© Copyright Policy - open-access
Related In: Results  -  Collection

License
getmorefigures.php?uid=PMC4309199&req=5

Figure 1: Pathogenesis of acute GVHD. Conditioning by irradiation and/or chemotherapy causes tissue damage. Damaged tissues and cells release DAMPs (HMGB-1), PAMPs (LPS) from gut microbiota as well as inflammatory cytokines such as IL-1β, IL-6, and TNF-α, which contribute to the “cytokine storm.” These are the first danger signals that activate host APCs, which activate and polarized donor T-cells toward pathogenic T-cells (TH1 and TH17 for CD4 and TC1, TC17 for CD8). Activated pathogenic T-cells infiltrate target organs (i.e., GI tract, liver, skin) and amplify local tissue destruction. The presence of regulatory T-cells (Tregs) helps reduce GVHD severity through the inhibition of pathogenic cells activation and/or expansion at early or further phases of GVHD. Some of these DAMPs and PAMPs such as elafin (skin-specific), regenerating islet-derived 3-alpha (REG3α, gut-specific), and suppressor of tumorigenicity 2 (ST2, a member of the IL-1 receptor family, binding IL-33) have been shown to be biomarkers.

Mentions: The pathogenesis of GVHD can be summarized in three sequential steps: first, the conditioning regimen damages the tissues, causing production of danger signals, which are detailed in this review, and pro-inflammatory cytokines such as tumor necrosis factor (TNF)-α, interleukin (IL)-1, and IL-6. The culmination of these events is what the field refers to as the “cytokine storm,” which activates host antigen-presenting cells (APCs) and the newly infused donor T-cells. The second phase involves proliferation and differentiation of donor T-cells in response to host APCs, which results in rapid intracellular biochemical cascades that induce production of T helper (TH) 1, TH17 (for CD4 T-cells), T cytotoxic (TC) 1, and TC17 cells (for CD8 T-cells) that secrete cytokines such as interferon (IFN)-γ, IL-2, IL-17, and TNF-α. The last step is a complex cascade of cellular mediators and soluble inflammatory molecules that work synergistically to amplify local tissue injury. These mediators further amplify inflammation and target tissue destruction. GVHD is also characterized by an imbalance between the effector T-cells and the regulatory T-cells (Tregs). At all of these steps, the inflammatory cascade and various types of tissue damage lead to the release of biomarkers of GVHD into the blood, the detection of which can be achieved via blood tests. Markers such as elafin (skin-specific), regenerating islet-derived 3-alpha (REG3α, gut-specific), suppressor of tumorigenicity 2 (ST2, a member of the IL-1 receptor family, binding IL-33), and others are detailed in this review. Figure 1 summarizes these events.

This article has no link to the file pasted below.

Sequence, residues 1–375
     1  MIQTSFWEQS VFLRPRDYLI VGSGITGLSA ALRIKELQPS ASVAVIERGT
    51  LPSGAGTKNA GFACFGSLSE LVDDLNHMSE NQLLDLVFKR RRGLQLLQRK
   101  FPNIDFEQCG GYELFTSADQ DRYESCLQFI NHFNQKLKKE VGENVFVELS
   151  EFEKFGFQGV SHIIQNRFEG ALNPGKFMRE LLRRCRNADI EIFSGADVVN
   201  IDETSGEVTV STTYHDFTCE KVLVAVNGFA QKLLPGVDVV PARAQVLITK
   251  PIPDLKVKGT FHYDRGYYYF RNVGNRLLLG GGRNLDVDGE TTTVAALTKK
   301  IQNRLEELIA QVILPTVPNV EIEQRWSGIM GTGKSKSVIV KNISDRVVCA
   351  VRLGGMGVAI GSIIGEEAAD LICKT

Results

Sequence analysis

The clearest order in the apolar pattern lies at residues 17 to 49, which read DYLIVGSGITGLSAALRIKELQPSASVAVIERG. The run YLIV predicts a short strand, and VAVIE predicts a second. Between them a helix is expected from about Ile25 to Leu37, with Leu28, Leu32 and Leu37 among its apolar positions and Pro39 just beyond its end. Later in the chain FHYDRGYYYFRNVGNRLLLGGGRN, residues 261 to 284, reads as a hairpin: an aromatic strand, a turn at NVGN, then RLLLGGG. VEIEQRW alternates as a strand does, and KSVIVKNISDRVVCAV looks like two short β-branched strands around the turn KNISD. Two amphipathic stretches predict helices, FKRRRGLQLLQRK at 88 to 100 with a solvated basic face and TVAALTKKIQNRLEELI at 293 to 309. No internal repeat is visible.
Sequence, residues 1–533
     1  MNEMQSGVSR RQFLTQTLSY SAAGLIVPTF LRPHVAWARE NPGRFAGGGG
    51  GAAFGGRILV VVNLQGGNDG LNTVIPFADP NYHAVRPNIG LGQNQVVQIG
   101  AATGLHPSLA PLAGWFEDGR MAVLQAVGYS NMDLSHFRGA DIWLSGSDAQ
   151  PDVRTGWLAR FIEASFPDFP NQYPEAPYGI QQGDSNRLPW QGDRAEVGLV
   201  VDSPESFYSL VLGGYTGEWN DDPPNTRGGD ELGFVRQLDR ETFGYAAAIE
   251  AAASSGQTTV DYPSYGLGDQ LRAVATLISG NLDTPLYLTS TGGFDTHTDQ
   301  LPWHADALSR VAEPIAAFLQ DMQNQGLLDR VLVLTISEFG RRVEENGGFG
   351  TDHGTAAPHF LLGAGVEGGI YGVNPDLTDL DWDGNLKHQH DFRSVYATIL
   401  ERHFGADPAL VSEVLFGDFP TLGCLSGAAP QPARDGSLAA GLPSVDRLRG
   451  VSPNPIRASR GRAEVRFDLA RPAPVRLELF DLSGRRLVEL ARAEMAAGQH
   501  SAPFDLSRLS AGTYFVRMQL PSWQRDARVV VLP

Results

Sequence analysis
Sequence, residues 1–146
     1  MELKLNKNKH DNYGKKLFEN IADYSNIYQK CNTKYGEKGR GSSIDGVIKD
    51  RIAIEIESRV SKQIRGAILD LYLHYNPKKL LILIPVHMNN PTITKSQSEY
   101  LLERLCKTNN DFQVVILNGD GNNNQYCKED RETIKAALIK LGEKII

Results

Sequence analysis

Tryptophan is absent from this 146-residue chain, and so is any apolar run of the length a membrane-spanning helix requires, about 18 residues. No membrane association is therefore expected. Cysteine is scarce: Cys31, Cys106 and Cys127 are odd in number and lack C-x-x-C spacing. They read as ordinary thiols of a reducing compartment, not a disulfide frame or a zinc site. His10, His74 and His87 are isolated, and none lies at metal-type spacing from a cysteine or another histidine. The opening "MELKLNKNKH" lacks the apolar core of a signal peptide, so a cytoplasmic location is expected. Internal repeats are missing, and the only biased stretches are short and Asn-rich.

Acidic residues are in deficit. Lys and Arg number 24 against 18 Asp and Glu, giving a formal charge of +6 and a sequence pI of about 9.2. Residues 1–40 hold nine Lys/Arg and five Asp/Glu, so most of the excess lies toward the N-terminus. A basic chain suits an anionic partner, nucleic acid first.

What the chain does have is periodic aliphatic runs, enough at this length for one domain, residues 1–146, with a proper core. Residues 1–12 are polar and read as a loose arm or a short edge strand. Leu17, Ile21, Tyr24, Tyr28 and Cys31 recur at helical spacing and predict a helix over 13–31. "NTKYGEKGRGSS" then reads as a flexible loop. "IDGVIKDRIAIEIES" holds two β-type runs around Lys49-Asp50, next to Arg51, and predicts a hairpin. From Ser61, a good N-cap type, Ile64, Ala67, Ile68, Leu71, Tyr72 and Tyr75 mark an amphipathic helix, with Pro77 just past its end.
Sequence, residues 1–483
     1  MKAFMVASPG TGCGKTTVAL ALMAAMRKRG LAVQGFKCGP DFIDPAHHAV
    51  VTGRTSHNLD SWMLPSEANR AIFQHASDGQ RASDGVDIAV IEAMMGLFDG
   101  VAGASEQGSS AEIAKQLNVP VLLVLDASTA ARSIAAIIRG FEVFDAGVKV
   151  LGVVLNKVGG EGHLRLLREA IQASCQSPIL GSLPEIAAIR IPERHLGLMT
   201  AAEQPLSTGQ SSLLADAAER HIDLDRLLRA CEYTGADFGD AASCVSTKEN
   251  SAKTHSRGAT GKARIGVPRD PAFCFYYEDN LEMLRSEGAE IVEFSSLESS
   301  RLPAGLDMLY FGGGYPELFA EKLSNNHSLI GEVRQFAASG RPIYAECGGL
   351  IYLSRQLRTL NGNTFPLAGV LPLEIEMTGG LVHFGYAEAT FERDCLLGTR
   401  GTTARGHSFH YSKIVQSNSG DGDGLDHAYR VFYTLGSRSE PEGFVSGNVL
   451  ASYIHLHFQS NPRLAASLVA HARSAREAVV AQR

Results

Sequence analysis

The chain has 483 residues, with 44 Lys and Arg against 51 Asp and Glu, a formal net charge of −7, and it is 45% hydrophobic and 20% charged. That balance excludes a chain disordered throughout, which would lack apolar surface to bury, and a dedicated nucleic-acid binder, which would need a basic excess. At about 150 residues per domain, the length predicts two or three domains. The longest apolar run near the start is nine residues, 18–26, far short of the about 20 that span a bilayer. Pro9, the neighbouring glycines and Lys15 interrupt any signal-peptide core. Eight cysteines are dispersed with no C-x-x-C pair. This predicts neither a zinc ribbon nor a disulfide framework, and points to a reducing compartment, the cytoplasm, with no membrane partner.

Various forms of tissue damage and danger signals following hematopoietic stem-cell transplantation.

Ramadan A, Paczesny S - Front Immunol (2015)